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Who Is Doing Computational Social Science?

December 07, 2016 by Katie Metzler, David A. Kim, Nick Alum, Angella Denman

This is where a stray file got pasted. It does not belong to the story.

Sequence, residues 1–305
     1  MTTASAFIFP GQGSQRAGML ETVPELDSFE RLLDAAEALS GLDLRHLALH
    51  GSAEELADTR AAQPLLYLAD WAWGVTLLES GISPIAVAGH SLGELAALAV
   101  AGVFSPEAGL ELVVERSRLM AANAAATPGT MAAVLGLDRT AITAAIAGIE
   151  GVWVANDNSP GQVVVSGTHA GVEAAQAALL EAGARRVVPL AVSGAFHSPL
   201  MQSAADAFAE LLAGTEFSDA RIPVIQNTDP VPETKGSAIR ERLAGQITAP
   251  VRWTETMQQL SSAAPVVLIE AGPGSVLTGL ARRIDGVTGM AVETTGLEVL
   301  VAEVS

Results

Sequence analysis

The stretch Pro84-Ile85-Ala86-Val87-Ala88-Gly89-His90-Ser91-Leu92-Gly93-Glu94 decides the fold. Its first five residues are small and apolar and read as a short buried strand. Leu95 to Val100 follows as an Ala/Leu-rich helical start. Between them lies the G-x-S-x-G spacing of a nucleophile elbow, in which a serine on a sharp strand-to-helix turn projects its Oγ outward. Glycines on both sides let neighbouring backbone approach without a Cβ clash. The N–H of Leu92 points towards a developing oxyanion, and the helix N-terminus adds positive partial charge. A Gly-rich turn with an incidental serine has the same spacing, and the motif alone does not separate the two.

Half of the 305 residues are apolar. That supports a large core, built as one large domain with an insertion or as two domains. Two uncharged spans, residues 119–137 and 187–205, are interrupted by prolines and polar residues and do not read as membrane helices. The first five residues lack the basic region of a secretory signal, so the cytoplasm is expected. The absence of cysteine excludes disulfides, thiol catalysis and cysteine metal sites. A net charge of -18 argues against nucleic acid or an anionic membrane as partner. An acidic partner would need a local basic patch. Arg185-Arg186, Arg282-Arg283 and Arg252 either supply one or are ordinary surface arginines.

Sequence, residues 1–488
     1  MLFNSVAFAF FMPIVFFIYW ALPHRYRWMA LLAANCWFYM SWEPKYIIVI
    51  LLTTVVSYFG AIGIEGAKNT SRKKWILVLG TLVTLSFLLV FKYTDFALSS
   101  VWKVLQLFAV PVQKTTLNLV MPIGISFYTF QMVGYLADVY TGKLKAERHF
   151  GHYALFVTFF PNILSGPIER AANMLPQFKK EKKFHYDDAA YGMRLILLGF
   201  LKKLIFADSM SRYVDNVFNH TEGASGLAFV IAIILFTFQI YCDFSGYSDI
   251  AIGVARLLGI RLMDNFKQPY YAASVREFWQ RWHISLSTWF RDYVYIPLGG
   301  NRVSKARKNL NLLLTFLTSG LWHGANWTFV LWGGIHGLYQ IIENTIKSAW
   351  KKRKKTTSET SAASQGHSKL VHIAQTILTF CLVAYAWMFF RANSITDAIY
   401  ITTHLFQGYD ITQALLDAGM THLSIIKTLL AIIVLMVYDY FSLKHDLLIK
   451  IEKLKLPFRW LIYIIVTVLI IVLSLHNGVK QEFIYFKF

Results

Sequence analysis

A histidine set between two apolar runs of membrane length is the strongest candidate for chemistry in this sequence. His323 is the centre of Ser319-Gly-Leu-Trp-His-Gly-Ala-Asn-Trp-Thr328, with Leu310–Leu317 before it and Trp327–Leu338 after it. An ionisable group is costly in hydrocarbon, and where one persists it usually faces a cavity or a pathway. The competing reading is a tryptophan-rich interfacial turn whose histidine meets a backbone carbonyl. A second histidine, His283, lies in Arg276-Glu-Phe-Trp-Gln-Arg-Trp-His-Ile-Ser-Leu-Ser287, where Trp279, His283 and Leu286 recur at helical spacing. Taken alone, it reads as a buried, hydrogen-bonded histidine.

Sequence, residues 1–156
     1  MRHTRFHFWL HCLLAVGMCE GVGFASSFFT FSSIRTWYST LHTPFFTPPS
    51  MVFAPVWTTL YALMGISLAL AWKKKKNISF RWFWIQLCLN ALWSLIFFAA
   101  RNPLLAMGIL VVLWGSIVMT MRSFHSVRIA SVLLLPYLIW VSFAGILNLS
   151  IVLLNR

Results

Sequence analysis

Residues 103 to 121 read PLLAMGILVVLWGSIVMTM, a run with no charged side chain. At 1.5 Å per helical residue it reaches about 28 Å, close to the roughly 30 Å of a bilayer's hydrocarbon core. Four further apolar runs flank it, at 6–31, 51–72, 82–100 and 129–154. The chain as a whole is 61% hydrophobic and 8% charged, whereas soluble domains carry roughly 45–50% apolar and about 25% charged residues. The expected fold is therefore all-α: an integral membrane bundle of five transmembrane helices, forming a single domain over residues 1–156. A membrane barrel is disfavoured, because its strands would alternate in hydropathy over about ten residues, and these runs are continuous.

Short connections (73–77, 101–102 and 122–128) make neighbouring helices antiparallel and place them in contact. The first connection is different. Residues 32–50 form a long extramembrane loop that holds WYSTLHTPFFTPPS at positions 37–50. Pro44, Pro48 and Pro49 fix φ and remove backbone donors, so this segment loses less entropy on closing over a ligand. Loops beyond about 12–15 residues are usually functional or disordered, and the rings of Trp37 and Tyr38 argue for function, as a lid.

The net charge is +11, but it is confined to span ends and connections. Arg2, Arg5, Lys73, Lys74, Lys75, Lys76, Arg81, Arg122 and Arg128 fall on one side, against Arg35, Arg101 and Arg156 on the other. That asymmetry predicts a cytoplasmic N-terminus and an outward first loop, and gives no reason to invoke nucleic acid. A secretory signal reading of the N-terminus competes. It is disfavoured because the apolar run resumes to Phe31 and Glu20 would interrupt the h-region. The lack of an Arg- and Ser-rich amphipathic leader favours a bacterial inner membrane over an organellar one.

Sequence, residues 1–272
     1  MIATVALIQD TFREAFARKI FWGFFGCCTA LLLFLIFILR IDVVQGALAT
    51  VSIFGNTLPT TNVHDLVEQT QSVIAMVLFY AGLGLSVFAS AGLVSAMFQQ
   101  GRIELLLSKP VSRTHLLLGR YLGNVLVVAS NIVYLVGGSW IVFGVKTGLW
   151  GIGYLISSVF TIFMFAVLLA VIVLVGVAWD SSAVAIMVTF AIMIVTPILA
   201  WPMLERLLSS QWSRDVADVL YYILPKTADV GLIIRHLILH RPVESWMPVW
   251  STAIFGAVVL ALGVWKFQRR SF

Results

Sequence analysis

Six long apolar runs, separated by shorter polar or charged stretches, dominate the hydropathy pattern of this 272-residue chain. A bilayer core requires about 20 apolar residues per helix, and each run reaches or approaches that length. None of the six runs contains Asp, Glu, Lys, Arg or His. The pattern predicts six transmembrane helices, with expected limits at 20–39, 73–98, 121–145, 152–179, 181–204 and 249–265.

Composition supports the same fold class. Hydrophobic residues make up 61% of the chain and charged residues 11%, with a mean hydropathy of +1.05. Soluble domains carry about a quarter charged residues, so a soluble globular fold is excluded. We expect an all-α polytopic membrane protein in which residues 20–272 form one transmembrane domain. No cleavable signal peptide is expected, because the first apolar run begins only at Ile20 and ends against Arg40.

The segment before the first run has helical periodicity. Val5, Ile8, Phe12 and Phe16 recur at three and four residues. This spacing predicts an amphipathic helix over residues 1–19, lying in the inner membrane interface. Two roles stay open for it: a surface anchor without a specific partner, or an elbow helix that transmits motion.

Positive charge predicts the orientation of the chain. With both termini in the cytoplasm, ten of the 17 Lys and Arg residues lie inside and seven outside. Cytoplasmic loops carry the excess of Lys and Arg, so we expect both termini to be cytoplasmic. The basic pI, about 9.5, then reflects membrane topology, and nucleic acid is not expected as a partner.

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Information of all kinds is now being produced, collected, and analyzed at unprecedented speed, breadth, depth, and scale. The capacity to collect and analyze massive data sets has already transformed fields such as biology, astronomy, and physics, but the social sciences have been comparatively slower to adapt, and the path forward is less certain. For many, the big data revolution promises to ask, and answer, fundamental questions about individuals and collectives, but large data sets alone will not solve major social or scientific problems. New paradigms being developed by the emerging field of “computational social science” will be needed not only for research methodology, but also for study design and interpretation, cross-disciplinary collaboration, data curation and dissemination, visualization, replication, and research ethics (Lazer et al., 2009). SAGE Publishing conducted a survey with social scientists around the world to learn more about researchers engaged in big data research and the challenges they face, as well as the barriers to entry for those looking to engage in this kind of research in the future. We were also interested in the challenges of teaching computational social science methods to students. The survey was fully completed by 9412 respondents, indicating strong interest in this topic among our social science contacts. Of respondents, 33 percent had been involved in big data research of some kind and, of those who have not yet engaged in big data research, 49 percent (3057 respondents) said that they are either “definitely planning on doing so in the future” or “might do so in the future.”